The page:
Moneyball has cost Warburton
IS MATTHEW Benham crazy? Or a radical visionary dragging football into the 21st century? Either way, the question on everyone’s lips is ‘Why?’ Why sack Mark Warburton, a guy who, in just 12 months at the helm, has hauled Brentford from League One to within touching distance of the top flight?
Why implement a continental coaching structure when the current set-up is the envy of the Championship?
Why overhaul recruitment when the existing panel of Benham, Warburton, David Weir and Frank McParland have unearthed bargain-basement gems like Andre Gray?
There can be but one answer. Benham believes he has discovered the statistical Philosopher’s Stone. The former City trader is trying to Moneyball the opposition.
“Matthew wants recruitment to be based more on mathematical modelling and statistics allied to normal scouting methods,” said Warburton when asked why the pair had decided on a parting of the ways.“I had a different philosophy but he’s the owner and that’s the direction he’s taken.”
Now a bestselling book and major Hollywood movie, Moneyball was the process by which Billy Beane transformed the Oakland A’s from hapless no-hopers into one of Major League Baseball’s biggest hitters.
In essence, Beane realised that oranges are not the only fruit; that the stats which traditionally drove up a player’s price weren’t necessarily the best indication of value.
So instead of going after the biggest hitters or the fastest pitchers, he signed up those with the highest On-Base Percentage, an unwanted and undervalued skill that Beane’s exhaustive number-crunching told him was critical to any team’s success.
The results were spectacular. The A’s reached the end-of-season play-offs eight times in the last 15 years despite having the sixthlowest budget of all 30 teams.
Nobody knows the Moneyball story better than Benham. The Bees owner made his fortune by building a statistical model that helped him gamble – very successfully – on sports. He knows his way around a spreadsheet.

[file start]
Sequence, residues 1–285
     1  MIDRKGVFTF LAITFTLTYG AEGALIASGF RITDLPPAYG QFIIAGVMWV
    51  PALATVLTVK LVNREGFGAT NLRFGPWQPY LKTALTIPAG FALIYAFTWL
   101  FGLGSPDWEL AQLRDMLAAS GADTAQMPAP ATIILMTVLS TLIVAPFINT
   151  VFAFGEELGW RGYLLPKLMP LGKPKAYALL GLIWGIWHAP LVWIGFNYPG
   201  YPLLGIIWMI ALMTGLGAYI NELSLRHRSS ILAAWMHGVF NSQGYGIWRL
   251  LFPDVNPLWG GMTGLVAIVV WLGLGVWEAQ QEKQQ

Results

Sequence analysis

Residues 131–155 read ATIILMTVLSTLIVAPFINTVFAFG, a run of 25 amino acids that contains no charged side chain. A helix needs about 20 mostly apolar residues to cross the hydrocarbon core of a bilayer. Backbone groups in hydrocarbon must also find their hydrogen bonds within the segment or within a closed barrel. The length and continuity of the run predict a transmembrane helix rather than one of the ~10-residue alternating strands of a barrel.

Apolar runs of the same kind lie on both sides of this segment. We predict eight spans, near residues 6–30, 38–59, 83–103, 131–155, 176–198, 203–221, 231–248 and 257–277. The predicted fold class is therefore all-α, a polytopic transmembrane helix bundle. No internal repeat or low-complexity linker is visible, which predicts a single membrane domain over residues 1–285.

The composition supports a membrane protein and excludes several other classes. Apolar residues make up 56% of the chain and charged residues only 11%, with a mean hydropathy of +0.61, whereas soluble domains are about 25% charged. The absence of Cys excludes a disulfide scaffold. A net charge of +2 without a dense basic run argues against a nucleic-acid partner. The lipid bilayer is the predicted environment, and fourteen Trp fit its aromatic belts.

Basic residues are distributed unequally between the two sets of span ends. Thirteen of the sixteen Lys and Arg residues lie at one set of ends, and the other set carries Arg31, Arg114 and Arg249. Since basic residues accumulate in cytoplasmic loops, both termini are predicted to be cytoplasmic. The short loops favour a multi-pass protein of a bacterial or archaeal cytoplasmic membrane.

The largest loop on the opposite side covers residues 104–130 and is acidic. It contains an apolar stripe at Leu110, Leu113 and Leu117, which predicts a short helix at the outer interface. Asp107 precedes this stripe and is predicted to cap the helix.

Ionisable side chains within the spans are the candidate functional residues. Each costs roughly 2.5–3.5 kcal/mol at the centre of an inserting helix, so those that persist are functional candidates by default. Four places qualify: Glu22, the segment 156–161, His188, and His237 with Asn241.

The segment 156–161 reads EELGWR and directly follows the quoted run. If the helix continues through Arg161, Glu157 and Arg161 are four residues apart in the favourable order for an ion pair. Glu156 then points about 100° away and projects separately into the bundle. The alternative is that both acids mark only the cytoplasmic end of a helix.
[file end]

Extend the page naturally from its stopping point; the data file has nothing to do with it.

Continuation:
Of course, in the age of OPTA, it is easy to conclude that no statistical stone has been left unturned. In any given match, we can dis- cover at the touch of a button how far a player has run, how many successful passes they’ve made, and in which direction. Pep Guardiola famously calculated that no player should take more than three touches or press for more than three seconds.
But then people thought the world was flat until bolder explorers discovered it wasn’t. Benham must be convinced he has found a new method of attributing value to a player that nobody else is using, at least in England.
Maybe it’s a way of predicting injuries. Maybe he’s modelled the parameters which determine whether an 18-year-old will make the grade. Perhaps he’s found a way to quantify leadership.Who knows? Whatever the case, his ruthlessness makes more sense in this light. With Moneyball, time is precious. When Beane started in 2000, nobody knew what he was up to so the A’s had a competitive advantage.
Now, the New York Yankees employ 20 statisticians. As their GM Brian Cashman said:“When Moneyball was revealed, it was like Coke’s secret formula.” Even Beane admits it is now difficult for the A’s to locate an unmined seam.
Benham knows that Brentford are hamstrung by low gates and Financial Fair Play rules. He knows they cannot afford Premier League wages. He knows that the gap between rich and poor will only increase. So he wants to deploy his secret weapon before the fat cats cotton on and the gulf becomes too wide to bridge.
It is brutally harsh on Warburton and his staff. It is a kick in the teeth for the fans. After all, it is one thing to rip up a failing system in an act of desperation, quite another to abandon a successful formula in pursuit of the Holy Grail.
But until Benham’s experiment has failed, let’s reserve judgement. Football is notoriously conservative and ridicule is the default reaction to those who buck a trend.
But ten years ago people mocked Beane’s geekery. Now? As Cashman says: “The oldschool scouts used to come to the owner and say ‘this guy looks good in a uniform’. Now, you don’t hear that anymore.”
Benham may pay for his principles. His team may implode. But maybe – just maybe – he could be the man who finally hauls football out of its old-school straitjacket and into the modern age.